Student’s internship work funds fight against pediatric cancer
Stevie A. Petrison, a business administration: sport and event management student from Landenberg, helped the Andrew McDonough B+ Foundation to organize the group’s fourth annual Farmapalooza, a music festival in Oxford.
The foundation honors the life of McDonough, who battled leukemia, septic shock and other complications for nearly six months before he died on July 14, 2007, at the age of 14. His B+ blood type became a motto for his family and friends: always be positive. The organization, headed by his father, Joe, provides financial and emotional support nationwide to families of children with cancer, and it funds childhood-cancer research.
Farmapalooza was held Sept. 14 on Souder’s Farm and was headlined by Mark Farner, a multiplatinum recording artist and former lead singer for Grand Funk Railroad. It included eight hours of music by Farner and five other bands, along with food trucks, farm animals, a playground and a pool.
Petrison established a social media presence for the event, facilitated arrangements for food trucks and staffed the green room for the bands – which gave her VIP access to the performers.
“I learned valuable skills that I will take with me as I grow in my future career,” Petrison said. “I learned about contracts, negotiations and how to properly work for a fundraiser; all the small details that they entail really helped me realize I am on the right path.”
The festival attracted more than 400 attendees – who gave positive feedback about the interactivity of this year’s event – and quadrupled the prior year’s fundraising total, raising $5,500 that went directly to the B+ Foundation.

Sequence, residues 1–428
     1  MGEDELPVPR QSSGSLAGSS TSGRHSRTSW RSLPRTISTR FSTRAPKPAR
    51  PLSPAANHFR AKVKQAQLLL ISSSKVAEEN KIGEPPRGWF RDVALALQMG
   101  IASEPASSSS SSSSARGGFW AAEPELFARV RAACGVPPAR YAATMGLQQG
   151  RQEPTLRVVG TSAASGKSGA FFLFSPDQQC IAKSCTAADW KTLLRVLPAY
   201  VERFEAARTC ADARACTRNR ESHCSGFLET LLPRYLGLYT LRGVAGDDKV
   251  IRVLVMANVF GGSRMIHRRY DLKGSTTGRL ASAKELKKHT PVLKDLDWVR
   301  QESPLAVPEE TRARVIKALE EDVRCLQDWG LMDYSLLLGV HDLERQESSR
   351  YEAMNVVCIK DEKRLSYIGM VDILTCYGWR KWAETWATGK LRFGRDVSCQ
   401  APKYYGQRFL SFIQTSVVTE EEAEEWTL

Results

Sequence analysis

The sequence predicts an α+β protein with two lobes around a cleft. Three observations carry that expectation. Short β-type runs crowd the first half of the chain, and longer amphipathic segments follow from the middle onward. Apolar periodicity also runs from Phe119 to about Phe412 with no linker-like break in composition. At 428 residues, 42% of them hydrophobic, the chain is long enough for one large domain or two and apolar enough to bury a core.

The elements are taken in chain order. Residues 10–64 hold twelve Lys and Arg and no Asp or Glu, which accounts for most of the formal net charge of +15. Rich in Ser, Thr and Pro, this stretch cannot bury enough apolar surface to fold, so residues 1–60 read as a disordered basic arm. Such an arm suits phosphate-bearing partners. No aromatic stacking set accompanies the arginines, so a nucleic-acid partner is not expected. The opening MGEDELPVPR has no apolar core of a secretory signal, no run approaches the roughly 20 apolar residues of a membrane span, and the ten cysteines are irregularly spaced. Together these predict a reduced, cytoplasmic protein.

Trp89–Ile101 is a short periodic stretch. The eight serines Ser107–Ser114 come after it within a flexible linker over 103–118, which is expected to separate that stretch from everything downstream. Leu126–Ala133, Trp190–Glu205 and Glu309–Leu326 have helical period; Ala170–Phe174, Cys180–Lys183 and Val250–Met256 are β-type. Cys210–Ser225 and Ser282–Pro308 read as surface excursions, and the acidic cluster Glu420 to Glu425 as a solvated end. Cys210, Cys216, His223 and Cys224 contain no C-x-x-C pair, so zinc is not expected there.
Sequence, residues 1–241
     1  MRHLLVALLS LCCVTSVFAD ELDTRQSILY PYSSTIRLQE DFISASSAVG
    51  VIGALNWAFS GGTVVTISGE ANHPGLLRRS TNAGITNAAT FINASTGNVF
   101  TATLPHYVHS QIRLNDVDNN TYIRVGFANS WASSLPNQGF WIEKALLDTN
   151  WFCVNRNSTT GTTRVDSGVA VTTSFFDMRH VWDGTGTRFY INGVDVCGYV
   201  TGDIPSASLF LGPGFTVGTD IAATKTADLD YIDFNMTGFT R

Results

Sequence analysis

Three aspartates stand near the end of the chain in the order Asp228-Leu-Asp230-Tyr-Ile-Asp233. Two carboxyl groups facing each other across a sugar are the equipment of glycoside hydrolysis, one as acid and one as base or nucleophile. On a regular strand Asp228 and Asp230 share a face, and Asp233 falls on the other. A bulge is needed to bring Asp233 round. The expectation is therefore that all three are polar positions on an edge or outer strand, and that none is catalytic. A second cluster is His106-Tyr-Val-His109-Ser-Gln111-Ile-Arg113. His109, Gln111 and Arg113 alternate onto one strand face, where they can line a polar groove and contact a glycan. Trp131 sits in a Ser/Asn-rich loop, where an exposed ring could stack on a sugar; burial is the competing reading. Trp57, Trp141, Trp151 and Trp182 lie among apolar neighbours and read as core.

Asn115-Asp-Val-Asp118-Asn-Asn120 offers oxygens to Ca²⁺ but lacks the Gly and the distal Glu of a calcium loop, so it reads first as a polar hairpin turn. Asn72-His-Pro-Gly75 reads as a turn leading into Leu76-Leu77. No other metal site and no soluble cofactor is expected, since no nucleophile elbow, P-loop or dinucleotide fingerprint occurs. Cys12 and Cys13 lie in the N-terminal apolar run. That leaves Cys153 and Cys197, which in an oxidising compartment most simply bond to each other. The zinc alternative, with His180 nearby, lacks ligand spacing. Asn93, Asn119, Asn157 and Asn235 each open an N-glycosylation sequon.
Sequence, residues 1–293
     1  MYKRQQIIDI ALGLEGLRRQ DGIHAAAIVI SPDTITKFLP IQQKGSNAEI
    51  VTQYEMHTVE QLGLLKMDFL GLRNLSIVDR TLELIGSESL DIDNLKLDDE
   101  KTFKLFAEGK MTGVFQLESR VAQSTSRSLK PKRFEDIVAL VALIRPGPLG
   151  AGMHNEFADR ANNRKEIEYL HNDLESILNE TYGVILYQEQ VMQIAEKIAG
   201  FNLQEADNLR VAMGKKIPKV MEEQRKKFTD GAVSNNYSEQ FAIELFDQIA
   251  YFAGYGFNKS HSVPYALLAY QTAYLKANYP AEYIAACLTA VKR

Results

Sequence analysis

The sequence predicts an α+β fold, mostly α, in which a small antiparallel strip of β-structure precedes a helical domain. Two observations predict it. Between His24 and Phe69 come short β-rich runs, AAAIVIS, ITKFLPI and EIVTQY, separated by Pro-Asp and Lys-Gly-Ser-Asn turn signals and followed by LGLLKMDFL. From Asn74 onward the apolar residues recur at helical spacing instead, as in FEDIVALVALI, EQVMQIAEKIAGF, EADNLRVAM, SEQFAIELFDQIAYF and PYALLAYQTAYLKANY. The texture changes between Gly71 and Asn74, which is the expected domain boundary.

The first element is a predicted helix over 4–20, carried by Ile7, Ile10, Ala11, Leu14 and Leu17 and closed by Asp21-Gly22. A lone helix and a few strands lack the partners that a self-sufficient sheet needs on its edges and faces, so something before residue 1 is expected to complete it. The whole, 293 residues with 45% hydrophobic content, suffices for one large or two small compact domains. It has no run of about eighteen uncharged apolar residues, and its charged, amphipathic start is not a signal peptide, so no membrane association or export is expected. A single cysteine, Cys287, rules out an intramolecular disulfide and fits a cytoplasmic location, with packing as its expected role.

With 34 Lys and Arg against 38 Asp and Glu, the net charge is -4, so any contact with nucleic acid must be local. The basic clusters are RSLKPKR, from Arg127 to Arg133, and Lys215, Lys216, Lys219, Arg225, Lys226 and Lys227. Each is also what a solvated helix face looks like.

“We were able to spread awareness in our community. I love helping people learn about a foundation that is doing a lot of good work for children with childhood cancer,” Petrison said.
The music festival entailed a 14-hour day that started with a 9 a.m. sound check and included nine hours of live music. Petrison, too, had a turn at the microphone, sharing facts about childhood cancer.
“I love that at the end of the day, I was volunteering my time to help a foundation that helps kids with childhood cancer,” Petrison said.
Among the highlights was a talk by Andrew’s mother, Chris, who co-founded the foundation with Joe and their daughter Ali.
“It had been cloudy all day,” Petrison said, but when Chris McDonough came to the microphone, the clouds cleared and the sun shone. “There wasn’t a dry eye in the house.”
Penn College’s bachelor’s degree in business administration: sport and event management concentration prepares graduates for management careers in sports-related venues such as arenas, ski resorts, health clubs, colleges or major and minor professional sports leagues, or in convention and business-event planning, at entertainment venues, in travel and tourism, and more.
“What I love about being an event planner is that I get to see an event from the very beginning and help it grow into a successful event,” Petrison said.
To learn more about sport and event management and other business-related degrees at Penn College, call 570-327-4505 or visit the School of Business & Hospitality.
For information about the college, a national leader in applied technology education, email the Admissions Office or call toll-free 800-367-9222.